Poor critics often hide their real agendas although the way they write usually betrays their inadequacies and it does not take a literary critic of genius to parse the pomposity and dissect their foibles. Work out as a reader what their agenda is (often to underline the significant fact that they are that great thing, the critic) and it is a start. Above all when a critic actually wins your trust, value that achievement no matter what they say it is that you disagree with because they have won you over somehow. They are only speaking their truth in their own high wire act, doomed to fail as it often is. Otherwise if they are not they are faking it all and that is always a turn-off and not worth reading a word of. SG

''I dig me as a critic, vain and arrogant as it may sound. I don't care if I make it with musicians. I wouldn't care if Miles and I didn't get along – it happens that we do but that could change. The important thing is that I stay straight with myself,” Ralph J. Gleason

Tags: Opinion

Samuel Blaser interview

From 2018. Paying tribute to the Skatalites’ Don Drummond led by brilliant Swiss improviser SAMUEL BLASER on trombone and a band of all-stars who include Soweto Kinch and Alex Wilson, recently in action with the Bansangu Orchestra, Blaser explains …

Published: 25 Dec 2019. Updated: 10 months.

Next post

From 2018. Paying tribute to the Skatalites’ Don Drummond led by brilliant Swiss improviser SAMUEL BLASER on trombone and a band of all-stars who include Soweto Kinch and Alex Wilson, recently in action with the Bansangu Orchestra, Blaser explains the origins of the project

“I decided to form this band after a talk with Juhamatti Kauppinen, a ska, dub and reggae lover for whom I recorded some trombone for his latest release on Playground, at the Tampere Jazz Happening in Finland. I told him my dream was to pay tribute to Don Drummond. He booked the the idea right away and offered to perform at his festival in November 2019. I am still super-excited about it and can’t believe it’s happening!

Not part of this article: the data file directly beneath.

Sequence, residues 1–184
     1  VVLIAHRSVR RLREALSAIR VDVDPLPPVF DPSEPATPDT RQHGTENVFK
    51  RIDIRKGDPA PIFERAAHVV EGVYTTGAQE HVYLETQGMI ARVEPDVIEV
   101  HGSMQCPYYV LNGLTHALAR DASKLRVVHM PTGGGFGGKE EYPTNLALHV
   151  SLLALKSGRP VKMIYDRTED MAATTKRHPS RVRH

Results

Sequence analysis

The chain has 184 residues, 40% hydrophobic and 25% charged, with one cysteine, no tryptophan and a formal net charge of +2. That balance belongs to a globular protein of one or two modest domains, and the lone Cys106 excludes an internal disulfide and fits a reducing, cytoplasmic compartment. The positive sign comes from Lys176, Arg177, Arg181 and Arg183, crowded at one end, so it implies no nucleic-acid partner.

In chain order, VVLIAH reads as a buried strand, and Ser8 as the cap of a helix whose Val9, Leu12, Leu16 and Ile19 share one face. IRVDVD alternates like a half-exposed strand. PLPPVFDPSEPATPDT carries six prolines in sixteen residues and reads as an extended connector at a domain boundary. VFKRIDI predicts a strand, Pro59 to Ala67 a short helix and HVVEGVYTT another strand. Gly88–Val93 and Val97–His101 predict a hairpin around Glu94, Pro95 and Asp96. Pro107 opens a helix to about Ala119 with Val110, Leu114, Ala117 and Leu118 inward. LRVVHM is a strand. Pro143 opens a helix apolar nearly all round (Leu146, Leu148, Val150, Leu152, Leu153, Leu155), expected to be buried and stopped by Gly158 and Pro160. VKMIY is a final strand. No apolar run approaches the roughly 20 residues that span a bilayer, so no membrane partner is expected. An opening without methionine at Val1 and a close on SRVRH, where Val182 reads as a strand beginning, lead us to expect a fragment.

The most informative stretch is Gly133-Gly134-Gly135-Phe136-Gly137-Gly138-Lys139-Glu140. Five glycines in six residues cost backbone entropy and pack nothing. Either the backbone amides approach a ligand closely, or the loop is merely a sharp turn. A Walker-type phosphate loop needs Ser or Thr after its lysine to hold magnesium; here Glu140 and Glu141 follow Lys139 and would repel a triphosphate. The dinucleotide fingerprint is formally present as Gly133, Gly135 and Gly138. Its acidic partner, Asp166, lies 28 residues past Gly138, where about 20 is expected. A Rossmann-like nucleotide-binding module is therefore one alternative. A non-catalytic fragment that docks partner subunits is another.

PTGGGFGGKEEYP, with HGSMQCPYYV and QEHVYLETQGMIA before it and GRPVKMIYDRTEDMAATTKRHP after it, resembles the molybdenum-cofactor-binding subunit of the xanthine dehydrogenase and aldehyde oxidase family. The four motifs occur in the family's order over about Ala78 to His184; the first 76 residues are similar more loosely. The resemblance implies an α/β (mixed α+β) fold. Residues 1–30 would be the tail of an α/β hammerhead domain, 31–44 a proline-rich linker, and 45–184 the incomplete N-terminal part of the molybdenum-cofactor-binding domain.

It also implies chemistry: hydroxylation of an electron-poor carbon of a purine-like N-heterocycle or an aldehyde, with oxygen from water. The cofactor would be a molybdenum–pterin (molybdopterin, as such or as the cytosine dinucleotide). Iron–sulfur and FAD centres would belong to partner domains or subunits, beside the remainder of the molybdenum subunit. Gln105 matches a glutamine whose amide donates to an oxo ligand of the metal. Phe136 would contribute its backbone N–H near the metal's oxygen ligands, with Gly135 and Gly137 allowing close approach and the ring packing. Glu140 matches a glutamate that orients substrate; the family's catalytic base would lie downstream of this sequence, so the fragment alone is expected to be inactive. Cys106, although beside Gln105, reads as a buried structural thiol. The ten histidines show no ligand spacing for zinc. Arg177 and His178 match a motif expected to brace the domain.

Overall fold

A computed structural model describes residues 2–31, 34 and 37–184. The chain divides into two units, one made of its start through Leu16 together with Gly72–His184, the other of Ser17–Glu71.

“At that time I was starting to perform regularly with bassist Ira Coleman who was by the way a member of Ernest Ranglin’s band. He’s the first member to have joined my group. Then Ira recommended me to get in touch with Dion Parson who will be on drums and Alex Wilson, a British keyboardist living in Switzerland who connected me to Soweto Kinch and Alan Weekes — Alex and Soweto were in Ernest’s band too. Michael Blake and I have been playing together for many years. We share the same love for that music. It was all natural for me to ask him to join the band.”

“I have always played and listened to Jamaican music. I used to be a member of a well-known reggae band when I was 16-years-old. Since then I have been a regular session player for several productions with musicians like Spahni the LKJ, Lee Perry and Dennis Bovell drummer. I have always been dreaming about starting such a project but never found the right opportunity.”

“Don Drummond's playing was really unique and his music is still very mysterious to my ears full of imagination and tradition. What an incredible sound: Slightly out of tune; great lines and ideas; super melodic. Voted best trombone by Downbeat in the 1950s. Don himself used to think he was the best trombonist on earth although he never really travelled outside of Jamaica. Trombonists like JJ Johnson did travel to Kingston to hear him. I am not sure it’s true but I like to think that way.”

“Right before moving to New York in 2005, a friend of mine in Switzerland gave me a tape and told me to listen carefully to Don D. I didn’t know who he was back then. Since then I have been listening to that tape a thousand times and I am still discovering new stuff in there. It’s amazing how rich this music is. To my knowledge I don’t think anyone else has really paid tribute to the trombonist except for Rico Rodriguez and that was right after Don Drummond's death. Rico, who was one of Don’s protégés and whom I unfortunately met only once, used to travel to my hometown very often — his dentist was there. He used to play with local bands too.”

“What actually interests me is to personalise Don’s music with the talent of my band members and deliver a different vision/approach. The sound is still in my head. I need to sit down and take the time to imagine the music. I am also considering including other people music like Count Ossie (Don D was going to the Wareika Hills to play drums with him) from an album called Tales Of Mozambique. Alex Wilson will be helping me to build a nice programme!”

Samuel Blaser photo, Alex Troesch.